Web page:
The history of India-Pakistan relations show that, every time an attempt is made to build relations, Pakistan’s army sabotages the peace talks by either escalating tensions at the Line of Control (LoC) or sending trained militants to India to launch attacks. On January 2, 2016, for example, a heavily armed group from Pakistan attacked the Indian Air Force base in Pathankot. This attack came immediately after Indian Prime Minister Narendra Modi’s impromptu visit to Lahore to meet his counterpart, Nawaz Sharif. This was followed by another attack carried out on September 18, 2016, where four heavily armed militants, belonging to Jaish-e-Mohammed, managed to cross the porous border and launch a surprise attack on an army camp in Uri in Jammu and Kashmir, resulting in the deaths of 17 soldiers.
Another worrying recent development was the release of Hafiz Saeed, of the banned Jamaat-ud-dawa, one of the masterminds of the 2008 Mumbai terrorist attack, where over 160 lost their lives. Saeed was released by the Lahore High Court due to the failure of the government, probably under pressure from the army, to produce evidence in court.
However, in spite of the continued hostility, both India and Pakistan did keep the composite dialogue going through their national security advisers. Sadly, both countries are now experiencing a low point in their relations, with a virtual breakdown of the mechanism set afloat in Lahore to settle disputes through dialogue.Enjoying this article? Click here to subscribe for full access. Just $5 a month.
Pakistan needs to review its strategy of waging a proxy war with the help of militants to create disorder and mayhem in Kashmir. This strategy has proved counterproductive, besides inviting international condemnation. Recently, the Indian army has managed to neutralize the militants sent across the border; more than 190 militants have perished this year alone.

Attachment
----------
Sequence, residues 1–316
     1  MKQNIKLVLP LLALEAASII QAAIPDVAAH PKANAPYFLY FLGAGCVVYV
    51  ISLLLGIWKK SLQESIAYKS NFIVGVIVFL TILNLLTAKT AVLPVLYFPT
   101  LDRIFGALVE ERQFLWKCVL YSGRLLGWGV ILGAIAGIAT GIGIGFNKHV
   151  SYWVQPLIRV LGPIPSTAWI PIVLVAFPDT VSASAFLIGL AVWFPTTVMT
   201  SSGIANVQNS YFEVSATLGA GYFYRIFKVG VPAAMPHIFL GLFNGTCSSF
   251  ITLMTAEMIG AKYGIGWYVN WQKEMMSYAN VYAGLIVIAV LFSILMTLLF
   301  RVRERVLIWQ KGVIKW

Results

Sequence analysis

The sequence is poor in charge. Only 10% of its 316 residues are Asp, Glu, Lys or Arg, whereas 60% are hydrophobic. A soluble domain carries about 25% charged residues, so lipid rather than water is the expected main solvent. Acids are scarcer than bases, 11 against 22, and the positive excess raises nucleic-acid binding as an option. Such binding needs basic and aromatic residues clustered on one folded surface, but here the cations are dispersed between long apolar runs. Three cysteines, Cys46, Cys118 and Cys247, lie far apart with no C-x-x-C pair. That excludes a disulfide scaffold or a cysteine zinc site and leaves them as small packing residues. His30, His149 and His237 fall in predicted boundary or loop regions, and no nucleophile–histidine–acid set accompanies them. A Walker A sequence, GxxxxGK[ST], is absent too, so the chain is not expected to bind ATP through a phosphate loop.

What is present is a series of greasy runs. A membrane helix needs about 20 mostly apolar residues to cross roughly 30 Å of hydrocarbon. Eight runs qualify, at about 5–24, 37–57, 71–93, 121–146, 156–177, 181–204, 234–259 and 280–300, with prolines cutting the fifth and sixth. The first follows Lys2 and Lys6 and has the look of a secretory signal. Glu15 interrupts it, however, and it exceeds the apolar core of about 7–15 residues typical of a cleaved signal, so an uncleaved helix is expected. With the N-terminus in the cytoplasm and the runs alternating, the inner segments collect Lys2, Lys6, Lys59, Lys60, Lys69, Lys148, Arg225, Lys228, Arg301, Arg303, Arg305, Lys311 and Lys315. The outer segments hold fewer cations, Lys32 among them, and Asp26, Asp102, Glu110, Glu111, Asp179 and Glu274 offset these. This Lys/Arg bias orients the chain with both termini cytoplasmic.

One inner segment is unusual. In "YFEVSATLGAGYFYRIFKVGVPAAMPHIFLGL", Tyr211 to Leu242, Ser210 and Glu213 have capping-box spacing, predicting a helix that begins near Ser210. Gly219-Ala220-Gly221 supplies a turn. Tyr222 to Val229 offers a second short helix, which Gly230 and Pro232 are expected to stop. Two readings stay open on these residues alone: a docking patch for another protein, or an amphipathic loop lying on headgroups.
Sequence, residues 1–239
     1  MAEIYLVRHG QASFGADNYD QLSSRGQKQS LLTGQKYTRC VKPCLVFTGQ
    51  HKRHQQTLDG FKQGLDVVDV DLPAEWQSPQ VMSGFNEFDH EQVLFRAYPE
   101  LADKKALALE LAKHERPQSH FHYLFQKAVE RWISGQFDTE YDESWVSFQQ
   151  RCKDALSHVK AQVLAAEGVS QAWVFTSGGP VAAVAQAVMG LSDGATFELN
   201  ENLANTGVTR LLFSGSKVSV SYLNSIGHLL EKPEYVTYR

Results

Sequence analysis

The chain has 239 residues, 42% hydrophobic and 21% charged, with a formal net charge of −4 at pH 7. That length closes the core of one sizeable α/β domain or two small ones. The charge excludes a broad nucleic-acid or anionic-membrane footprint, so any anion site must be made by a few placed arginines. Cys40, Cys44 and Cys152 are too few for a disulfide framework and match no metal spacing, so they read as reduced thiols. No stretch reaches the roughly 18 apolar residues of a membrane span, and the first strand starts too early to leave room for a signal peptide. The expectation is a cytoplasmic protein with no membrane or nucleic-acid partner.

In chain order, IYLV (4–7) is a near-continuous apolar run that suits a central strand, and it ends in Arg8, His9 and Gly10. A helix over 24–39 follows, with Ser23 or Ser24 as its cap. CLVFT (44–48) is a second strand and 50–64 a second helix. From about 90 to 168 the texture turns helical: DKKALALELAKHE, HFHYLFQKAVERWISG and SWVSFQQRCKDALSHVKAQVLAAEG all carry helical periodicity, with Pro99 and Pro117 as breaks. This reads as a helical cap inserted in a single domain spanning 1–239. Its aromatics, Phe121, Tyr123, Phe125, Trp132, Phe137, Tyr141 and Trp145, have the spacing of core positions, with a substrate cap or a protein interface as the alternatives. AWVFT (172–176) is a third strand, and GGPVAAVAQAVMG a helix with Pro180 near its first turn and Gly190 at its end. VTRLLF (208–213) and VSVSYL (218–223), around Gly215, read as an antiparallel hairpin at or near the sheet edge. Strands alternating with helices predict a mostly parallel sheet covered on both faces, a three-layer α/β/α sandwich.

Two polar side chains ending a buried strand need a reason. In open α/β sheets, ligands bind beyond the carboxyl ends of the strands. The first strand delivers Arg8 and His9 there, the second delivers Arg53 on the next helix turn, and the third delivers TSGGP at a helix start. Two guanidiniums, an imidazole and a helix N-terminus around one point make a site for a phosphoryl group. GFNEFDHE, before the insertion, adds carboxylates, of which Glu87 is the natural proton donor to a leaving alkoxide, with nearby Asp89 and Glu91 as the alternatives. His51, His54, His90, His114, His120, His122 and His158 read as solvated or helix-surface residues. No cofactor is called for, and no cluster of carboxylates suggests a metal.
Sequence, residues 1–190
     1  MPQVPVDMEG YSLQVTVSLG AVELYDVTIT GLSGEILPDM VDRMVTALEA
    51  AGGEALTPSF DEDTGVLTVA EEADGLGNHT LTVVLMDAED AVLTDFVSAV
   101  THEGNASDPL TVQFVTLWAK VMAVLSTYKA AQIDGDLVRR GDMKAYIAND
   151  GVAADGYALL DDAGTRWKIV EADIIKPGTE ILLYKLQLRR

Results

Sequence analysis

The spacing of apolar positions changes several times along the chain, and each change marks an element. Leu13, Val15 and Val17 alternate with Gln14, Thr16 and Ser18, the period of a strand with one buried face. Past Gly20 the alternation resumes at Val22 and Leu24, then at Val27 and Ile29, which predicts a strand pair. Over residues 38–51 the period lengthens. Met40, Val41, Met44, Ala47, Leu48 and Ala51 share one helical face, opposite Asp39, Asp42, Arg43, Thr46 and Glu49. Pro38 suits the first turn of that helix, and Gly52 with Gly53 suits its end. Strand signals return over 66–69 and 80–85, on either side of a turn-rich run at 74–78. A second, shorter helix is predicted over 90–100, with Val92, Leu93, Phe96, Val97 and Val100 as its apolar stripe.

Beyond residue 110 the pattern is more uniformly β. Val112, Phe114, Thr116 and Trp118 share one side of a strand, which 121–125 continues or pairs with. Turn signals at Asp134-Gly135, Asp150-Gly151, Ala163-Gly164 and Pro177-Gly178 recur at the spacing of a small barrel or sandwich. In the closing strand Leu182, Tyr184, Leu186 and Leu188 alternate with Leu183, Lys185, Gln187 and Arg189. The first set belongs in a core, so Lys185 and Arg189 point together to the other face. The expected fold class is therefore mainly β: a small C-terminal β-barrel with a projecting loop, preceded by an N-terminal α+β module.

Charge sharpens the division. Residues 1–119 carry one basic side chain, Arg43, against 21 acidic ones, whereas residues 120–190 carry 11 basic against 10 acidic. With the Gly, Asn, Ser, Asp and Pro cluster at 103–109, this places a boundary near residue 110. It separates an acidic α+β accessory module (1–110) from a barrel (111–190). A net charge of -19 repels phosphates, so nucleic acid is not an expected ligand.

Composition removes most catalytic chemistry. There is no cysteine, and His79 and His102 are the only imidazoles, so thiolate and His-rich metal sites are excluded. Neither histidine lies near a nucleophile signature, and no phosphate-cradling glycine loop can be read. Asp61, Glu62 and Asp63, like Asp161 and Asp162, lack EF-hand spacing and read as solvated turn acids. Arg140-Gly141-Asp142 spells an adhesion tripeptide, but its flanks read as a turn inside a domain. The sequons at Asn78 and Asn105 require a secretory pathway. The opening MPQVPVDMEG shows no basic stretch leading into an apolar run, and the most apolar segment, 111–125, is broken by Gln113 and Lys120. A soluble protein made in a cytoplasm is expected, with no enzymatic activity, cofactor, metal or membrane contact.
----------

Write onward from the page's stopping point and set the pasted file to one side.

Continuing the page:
The best way forward is to look for “out of box solutions” to solve this complex problem. One way would be to grant autonomy to the people of Kashmir (on both sides of the border), so that there is free movement of people and trade on both sides of the valley. This will help in reducing the mistrust between the two countries.
It is in this context that Pakistan’s Chief of Army Staff General Qamar Bajwa’s first briefing to the Senate Committee assumes significance, mainly on two counts. First, he indirectly accepted the supremacy of the parliament. According to Dawn, Bajwa’s appearance at the briefing suggests “that the military is aware that the constitutional order and national security need to be strengthened by inter-institutional cooperation.” Second, in a major shift in the army’s ostrich approach on Pakistan’s India policy, he told the Senate to improve ties with India. However, when asked about Hafiz Saeed, the general replied that the Islamist leader was free to pursue the Kashmiri cause. This has caused confusion in India about Bajwa’s real intentions.
Be that as it may, both India and Pakistan should welcome this development, as the general’s briefing could mark a historic departure in the Pakistan Army’s attitude toward India.
Due to the complexity of the disputes, especially over Kashmir, no immediate settlement is possible, but talks can go a long way in easing the tensions between the two countries. It is here Pakistan can learn from China and India, which, while continuing to explore ways to settle their border disputes, have attempted to improve trade and commerce. In the last five decades, since the 1962 war, not a single bullet has been fired by both sides, despite several tense encounters. Contrast this with India and Pakistan, where cross-border shelling has become the order of the day.
At a time when there is tension in many parts of the world, there is now an urgent need to make sincere and genuine attempts to improve bilateral ties, as this will bring peace and prosperity to the people of both countries.
We have seen in the past that attempts to boost ties — such as the composite dialogue, Lahore-Delhi bus service, and opening of cross-LoC trade in both India- and Pakistan-administered Kashmir — did contribute in the easing of tensions between the two countries, though for a very short period. It now depends on the matured leadership of both countries to take the relationship forward in a meaningful and constructive way. It may be a worthwhile to include the army representatives from Pakistan in all future peace talks to get their unbridled support. Both countries should forget the bitter past and work toward ending the hostility.
Let 2018 mark a new chapter in India-Pakistan relations.
K.S. Venkatachalam is an independent columnist and political commentator.